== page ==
Early Diabetes Prevention Methods

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Type 2 diabetes is a serious metabolic disease that has been clinically proven to be preventable in many cases. Prevention starts with identifying at-risk individuals. Once identified, both drugs and lifestyle changes can prevent the onset of diabetes in these patients.

Identifying Patients at Risk for Diabetes

The Diabetes Prevention Program, a large, multi-center study, examined strategies to identify at-risk individuals who might benefit from interventions to prevent diabetes. It found that the fasting capillary glucose test was an effective screening tool (DPPRG 2005). Fasting capillary glucose tests blood at peripheral locations such as the fingertips after the patient has fasted overnight.

Patient perception is key to gaining participation from at-risk patients. One study (Harwell et al. 2001) was a patient survey of people with at least one risk factor for type 2 diabetes (age over 44). 80% of respondents had at least one additional risk factor, but 71% of the respondents did not consider themselves at risk at all. Those with the largest number of risk factors were least likely to consider diabetes to be a preventable disease. This study suggests that the first step in early diabetes prevention is patient education.

Methods of Early Diabetes Prevention

Diabetes prevention has been widely studied, and two major approaches have been found effective: drug intervention and lifestyle changes. One of the most significant and wide-ranging clinical studies was the Diabetes Prevention Program study, which found that lifestyle intervention was the more effective of the two methods (DPPRG 2002). The only drug this study examined was metformin. Drugs of another class, the thiazolidinedione drugs (TZDs), have also been found to prevent type 2 diabetes, although they are expensive (Davidson 2007).

Lifestyle-Based Diabetes Preventions

The lifestyle interventions that can prevent diabetes fall into two categories, aimed at reducing blood sugar and normalizing obesity: nutritional changes and exercise.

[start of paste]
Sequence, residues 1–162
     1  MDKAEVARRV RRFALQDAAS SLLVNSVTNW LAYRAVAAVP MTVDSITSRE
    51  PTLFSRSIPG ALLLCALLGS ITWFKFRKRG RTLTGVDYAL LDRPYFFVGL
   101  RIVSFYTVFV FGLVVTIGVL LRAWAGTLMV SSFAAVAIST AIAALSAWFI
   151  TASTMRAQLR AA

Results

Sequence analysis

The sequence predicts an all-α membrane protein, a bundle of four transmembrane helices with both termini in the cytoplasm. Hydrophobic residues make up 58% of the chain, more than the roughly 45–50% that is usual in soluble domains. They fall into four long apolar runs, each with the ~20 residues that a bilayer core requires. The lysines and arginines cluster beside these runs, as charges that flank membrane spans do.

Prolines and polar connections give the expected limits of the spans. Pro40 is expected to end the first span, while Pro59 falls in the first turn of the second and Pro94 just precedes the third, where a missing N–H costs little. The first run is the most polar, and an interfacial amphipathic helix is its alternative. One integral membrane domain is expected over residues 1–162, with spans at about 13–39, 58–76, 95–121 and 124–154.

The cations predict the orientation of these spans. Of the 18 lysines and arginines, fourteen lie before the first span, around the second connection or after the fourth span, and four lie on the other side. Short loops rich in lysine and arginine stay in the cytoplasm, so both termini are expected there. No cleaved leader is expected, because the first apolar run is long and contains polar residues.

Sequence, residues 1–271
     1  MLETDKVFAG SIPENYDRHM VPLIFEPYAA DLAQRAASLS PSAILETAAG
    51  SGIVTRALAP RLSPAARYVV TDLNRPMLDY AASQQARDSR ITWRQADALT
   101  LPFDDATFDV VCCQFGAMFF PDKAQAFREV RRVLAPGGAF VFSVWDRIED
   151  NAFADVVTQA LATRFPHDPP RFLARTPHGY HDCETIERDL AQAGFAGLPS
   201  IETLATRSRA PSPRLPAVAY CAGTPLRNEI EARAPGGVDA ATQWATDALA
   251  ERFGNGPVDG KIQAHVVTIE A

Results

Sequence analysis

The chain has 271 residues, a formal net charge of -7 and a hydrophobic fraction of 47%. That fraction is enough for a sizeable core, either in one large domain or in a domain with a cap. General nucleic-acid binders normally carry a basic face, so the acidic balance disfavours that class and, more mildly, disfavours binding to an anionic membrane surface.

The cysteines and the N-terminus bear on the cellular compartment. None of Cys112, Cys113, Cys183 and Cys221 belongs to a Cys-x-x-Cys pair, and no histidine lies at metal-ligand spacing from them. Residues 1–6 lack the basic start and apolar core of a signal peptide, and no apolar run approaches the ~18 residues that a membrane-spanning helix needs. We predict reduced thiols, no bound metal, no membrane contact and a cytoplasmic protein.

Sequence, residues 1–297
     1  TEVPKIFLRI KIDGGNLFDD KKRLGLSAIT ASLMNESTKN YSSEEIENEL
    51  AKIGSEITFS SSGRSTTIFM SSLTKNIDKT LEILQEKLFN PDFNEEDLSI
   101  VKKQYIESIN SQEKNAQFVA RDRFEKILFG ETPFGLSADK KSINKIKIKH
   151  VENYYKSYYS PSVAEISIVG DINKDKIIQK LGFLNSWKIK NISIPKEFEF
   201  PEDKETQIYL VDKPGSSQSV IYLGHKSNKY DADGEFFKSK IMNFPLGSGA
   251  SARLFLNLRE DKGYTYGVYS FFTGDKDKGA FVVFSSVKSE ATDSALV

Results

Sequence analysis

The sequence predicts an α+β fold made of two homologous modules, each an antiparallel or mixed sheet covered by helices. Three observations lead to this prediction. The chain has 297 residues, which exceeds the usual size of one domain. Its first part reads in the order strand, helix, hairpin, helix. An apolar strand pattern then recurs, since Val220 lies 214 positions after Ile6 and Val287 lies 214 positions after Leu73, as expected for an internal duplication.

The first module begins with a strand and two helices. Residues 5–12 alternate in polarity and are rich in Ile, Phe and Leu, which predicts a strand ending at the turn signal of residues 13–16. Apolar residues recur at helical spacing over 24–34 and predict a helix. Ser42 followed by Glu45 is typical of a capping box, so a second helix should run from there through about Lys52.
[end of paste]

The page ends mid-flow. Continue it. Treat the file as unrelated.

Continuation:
One nutritional change is to begin monitoring carbohydrate input. The American Diabetes Association (ADA) recommends consuming 45-60 grams of carbohydrate per meal, along with balanced amounts of protein and fat. A food’s glycemic index (GI) is an important consideration. The glycemic index is a measure of how much that food raises blood glucose; high GI foods raise it a great deal and low GI foods raise it less. According to the ADA, low to medium GI foods are the best choices for a diabetes-prevention diet.

Exercise includes any type of physical activity. It may mean formal, structured activity such as going to the gym or practicing martial arts, or it may be unstructured, such as playing with children or doing housework. Exercise should be incorporated into one’s daily activities to obtain a protective effect against type 2 diabetes.


  • American Diabetes Association (ADA), n.d. “How to Prevent or Delay Diabetes.” ADA website.
  • Davidson, M. B., 2007. “Clinical Implications of the DREAM Study: should prediabetes be treated to prevent diabetes or heart disease?” Editorial in Diabetes Care, February 2007 issue.
  • The Diabetes Prevention Program Research Group (DPPRG), 2002. “Reduction in the Incidence of Type 2 Diabetes with Lifestyle Intervention or Metformin.” New England Journal of Medicine 6(346):393-403.
  • DPPRG, 2005. “Strategies to Identify Adults at High Risk for Type 2 Diabetes.” Diabetes Care 28:138-144.
  • Harwell, T. S.; N. Dettori, B. N. Flook, L. Priest, D. F. Williamson, S. D. Helgerson, & D. Gohdes, 2001. “Preventing Type 2 Diabetes: Perceptions about risk and prevention in a population-based sample of adults ≥45 years of age.” Diabetes Care 24:2007-8.